Turbo, an 18-inch-tall Patagonian penguin with a white belly and black-banded chest, has been a bachelor for all his adult life.
That is just one of the many findings Boersma has made about how the lives of the Magellanic penguins she has been studying for four decades are changing. In her most recent study about the largest breeding colony of these penguins, in Punta Tombo, Argentina, she and a co-author report in Ecology that chicks are spending less time in the nest.
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Female penguins are arriving later in the September-October period to lay eggs — possibly because there is less food or because they are having to swim farther to find fish to eat. So chicks are born later but still must leave the nest at the same time of year to catch fish before nutrient-rich tidal fronts dissipate.
Penguins “are the classic canary in the coal mine,” said Doug Morris, a biologist emeritus at Lakehead University who was not involved in the study. “They give us a window into seeing changes in marine environments that we might not otherwise be able to see.”
Those changes include climate change, which is causing rising ocean temperatures and acidification, and changing wind patterns — shifts that, along with increased commercial fishing, are probably contributing to the penguins’ struggle to find food.
This latest study found that younger chicks — those with smaller bills, flippers or feet — are more likely to perish at sea. With shortened time in the nest, chicks are having “to do all of their growing to reach a size and maturity where they can have some chance of surviving in the ocean faster than they did 30 to 35 years ago,” said research scientist Ginger Rebstock, who was not involved in the study.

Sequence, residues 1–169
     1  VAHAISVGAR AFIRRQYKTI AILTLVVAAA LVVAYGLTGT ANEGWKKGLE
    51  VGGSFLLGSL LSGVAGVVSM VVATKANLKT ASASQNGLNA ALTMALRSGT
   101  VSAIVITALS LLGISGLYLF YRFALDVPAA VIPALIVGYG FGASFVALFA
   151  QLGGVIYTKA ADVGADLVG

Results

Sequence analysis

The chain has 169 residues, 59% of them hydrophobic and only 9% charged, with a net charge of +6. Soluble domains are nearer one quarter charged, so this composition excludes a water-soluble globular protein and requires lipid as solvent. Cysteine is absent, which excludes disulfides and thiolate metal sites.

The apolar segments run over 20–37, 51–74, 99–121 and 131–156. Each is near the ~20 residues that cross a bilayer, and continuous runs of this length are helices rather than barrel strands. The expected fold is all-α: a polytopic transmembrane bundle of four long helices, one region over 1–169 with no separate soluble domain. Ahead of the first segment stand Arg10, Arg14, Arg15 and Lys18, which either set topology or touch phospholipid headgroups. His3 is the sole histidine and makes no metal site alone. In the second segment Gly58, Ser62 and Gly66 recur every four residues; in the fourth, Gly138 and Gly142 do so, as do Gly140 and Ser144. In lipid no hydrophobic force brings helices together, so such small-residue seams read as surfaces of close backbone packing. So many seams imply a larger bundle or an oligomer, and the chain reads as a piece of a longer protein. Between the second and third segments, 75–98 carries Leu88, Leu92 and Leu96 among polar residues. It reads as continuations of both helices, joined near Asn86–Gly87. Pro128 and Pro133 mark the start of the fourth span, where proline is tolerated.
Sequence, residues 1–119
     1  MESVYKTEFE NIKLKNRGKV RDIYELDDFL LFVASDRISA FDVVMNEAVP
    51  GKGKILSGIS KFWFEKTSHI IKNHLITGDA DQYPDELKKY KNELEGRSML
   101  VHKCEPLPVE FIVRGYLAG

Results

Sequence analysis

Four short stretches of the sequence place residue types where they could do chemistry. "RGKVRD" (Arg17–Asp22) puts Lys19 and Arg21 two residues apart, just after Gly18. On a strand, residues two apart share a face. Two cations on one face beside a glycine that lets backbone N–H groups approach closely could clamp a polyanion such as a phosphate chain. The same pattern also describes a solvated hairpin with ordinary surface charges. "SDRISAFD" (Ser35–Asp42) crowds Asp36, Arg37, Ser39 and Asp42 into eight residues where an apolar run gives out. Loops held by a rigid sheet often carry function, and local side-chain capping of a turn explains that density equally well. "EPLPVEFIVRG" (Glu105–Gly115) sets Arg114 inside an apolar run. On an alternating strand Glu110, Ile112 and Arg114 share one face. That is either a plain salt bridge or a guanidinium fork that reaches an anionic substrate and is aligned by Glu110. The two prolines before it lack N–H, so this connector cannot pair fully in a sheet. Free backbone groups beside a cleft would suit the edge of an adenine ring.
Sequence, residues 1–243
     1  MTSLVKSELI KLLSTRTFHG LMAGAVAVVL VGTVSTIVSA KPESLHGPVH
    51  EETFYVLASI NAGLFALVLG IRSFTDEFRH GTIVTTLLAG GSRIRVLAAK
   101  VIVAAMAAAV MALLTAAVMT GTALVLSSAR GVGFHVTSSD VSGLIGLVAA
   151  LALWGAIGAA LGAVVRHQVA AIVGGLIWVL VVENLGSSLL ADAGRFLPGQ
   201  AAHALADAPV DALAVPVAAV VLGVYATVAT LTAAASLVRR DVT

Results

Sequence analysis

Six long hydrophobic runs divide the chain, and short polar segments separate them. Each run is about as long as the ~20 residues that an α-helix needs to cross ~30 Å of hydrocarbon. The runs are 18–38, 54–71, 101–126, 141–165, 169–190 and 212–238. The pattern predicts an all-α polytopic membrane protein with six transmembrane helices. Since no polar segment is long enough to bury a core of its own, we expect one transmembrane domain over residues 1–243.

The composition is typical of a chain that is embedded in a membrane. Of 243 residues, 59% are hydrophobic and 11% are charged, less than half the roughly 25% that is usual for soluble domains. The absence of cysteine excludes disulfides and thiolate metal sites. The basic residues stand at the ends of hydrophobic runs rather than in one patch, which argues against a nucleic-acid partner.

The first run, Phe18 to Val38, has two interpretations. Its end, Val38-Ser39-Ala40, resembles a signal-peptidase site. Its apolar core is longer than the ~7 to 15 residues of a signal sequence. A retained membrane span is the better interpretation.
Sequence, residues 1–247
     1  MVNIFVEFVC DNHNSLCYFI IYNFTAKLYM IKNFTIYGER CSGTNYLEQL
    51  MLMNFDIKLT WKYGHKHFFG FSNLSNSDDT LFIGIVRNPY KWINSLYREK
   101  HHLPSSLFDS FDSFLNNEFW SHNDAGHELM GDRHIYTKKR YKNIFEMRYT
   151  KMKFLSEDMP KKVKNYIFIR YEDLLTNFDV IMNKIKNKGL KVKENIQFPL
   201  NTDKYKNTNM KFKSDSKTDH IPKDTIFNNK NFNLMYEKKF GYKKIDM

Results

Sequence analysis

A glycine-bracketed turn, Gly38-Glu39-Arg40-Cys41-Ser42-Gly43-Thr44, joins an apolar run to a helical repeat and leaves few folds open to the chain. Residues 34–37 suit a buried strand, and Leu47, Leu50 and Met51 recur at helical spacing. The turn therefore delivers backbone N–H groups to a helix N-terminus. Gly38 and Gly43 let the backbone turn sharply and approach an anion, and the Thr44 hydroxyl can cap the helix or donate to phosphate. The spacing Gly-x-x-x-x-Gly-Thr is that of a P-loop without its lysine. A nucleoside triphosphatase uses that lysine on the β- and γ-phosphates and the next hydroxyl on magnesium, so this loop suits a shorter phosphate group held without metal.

Boersma started studying the penguins in 1983 and has watched their numbers fall from about 400,000 breeding pairs to 170,000. Food scarcity is just one of the emerging threats.
Increased rainfall and extreme heat also have taken their toll.
Heavier rain kills chicks when their down becomes soaked and their body temperature plummets. Hotter days bring increased danger, as well. In 2019, researchers recorded a temperature of 44 degrees Celsius (111 degrees Fahrenheit) in the shade at Punta Tombo — one of an increasing number of abnormally hot days. They watched 264 adult penguins and 90 chicks die in a single day.
Boersma recounted all this from the Indianapolis Zoo, where she had been honored as a 2021 Indianapolis Prize finalist for her conservation efforts. She paused during the conversation to listen to a male lion roaring at a female lion.
“We’ve banded probably 60,000 penguins over the last 37 years,” she said. “Climate change is an important factor in their survival and their success.” Boersma stopped again to listen to a walrus call.
The finding that chicks are leaving the nest earlier is from data collected between 1983 and 2017. Boersma and research students regularly checked the nests of banded Magellanic penguins for chicks. Like hospital midwives, they marked the newborns with temporary identifying bands, and then with stainless-steel tags on the outer webbing of the penguins’ feet. They measured the chicks’ wing and bill length with a ruler and calipers.